Malaysia has adopted Google Apps and Chromebooks as part of the country's plans to integrate Web usage in a bid to reform its education system.
According to a blog post by the search giant on Wednesday, Malaysia adopted Google Apps for 10 million of its students, teachers and parents. In addition, primary and secondary schools will receive Chromebooks.
Malaysia's "Education Blueprint 2013-2025" released in September last year, is aimed at revolutionizing its education system through the integration of Web usage, Felix Lin, director of product management at Google, who wrote the blog post noted.
He added Malaysia's efforts to upgrade its educational system was not easy. To deploy technology across the country, computers needed to be simple, manageable and secure, which was reflective in Google Chromebook, Lin noted.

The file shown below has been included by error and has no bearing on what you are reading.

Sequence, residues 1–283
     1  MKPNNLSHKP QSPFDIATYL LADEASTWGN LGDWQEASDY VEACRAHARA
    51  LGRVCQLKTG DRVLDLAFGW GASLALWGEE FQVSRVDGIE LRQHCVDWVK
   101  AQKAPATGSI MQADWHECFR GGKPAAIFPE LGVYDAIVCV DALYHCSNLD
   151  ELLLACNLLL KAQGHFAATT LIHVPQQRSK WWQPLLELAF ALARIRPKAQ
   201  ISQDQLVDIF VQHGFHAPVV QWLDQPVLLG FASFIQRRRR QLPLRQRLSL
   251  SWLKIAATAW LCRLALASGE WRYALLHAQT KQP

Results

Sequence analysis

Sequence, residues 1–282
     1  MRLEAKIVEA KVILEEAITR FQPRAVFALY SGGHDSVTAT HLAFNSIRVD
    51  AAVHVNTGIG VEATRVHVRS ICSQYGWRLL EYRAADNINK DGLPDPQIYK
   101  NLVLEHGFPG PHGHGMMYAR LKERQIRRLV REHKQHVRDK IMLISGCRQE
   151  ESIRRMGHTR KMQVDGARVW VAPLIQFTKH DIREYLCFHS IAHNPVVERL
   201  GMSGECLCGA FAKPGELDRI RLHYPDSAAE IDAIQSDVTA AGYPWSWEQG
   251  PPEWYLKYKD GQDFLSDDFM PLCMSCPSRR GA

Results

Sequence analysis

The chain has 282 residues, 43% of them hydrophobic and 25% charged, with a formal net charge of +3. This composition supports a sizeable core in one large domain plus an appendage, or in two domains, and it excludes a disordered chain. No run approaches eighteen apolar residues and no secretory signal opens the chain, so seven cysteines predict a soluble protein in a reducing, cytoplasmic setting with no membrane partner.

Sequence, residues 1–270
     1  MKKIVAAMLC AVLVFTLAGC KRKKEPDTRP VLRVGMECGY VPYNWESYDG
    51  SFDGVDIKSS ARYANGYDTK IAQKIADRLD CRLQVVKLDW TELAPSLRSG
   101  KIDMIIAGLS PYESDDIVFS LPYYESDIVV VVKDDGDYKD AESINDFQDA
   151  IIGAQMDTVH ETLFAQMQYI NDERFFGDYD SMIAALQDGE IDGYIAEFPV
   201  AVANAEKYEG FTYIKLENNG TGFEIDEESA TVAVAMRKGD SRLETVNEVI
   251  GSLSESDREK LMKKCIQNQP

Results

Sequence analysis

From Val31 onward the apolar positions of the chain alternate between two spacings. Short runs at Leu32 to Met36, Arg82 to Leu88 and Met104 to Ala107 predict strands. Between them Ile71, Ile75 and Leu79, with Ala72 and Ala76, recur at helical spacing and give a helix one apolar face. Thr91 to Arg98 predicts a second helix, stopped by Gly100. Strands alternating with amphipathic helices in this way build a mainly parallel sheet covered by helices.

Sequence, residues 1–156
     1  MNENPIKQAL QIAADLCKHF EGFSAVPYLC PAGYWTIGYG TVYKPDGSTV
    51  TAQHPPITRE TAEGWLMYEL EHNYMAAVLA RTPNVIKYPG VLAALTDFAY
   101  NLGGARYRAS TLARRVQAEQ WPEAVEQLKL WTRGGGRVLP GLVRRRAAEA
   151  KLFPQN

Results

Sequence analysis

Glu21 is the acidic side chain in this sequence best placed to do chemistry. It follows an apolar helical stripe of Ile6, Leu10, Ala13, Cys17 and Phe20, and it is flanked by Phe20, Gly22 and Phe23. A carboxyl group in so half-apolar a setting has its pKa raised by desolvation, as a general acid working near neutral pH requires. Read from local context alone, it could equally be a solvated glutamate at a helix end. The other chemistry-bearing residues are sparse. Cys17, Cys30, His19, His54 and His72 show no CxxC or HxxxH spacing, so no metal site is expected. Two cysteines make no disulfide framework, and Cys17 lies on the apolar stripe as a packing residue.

The Chromebooks were also a "cost-efficient option" at scale, in addition to being easy to setup and secure, he added. Citing a study conducted by research firm IDC, Google learned Chromebooks would yield three-year cost of ownership savings of US$1,135 for each computer, required 69 percent less hours to deploy and 92 percent fewer hours to manage.
Malaysia's announcement is also indicative of a movement by school systems to recognize the power of Web in education, Lin said. Another Asian country, the Philippines, had also "Gone Google" with the country's Department of Education moving its systems to the cloud with Google Apps for Education, he pointed out.
"The Web gives our children and students new opportunities to access the world’s information and work collaboratively," Lin said. "We look forward to working with national and regional leaders to make the most of the Web with Google Apps and Chromebooks and help them provide the best opportunities to every student."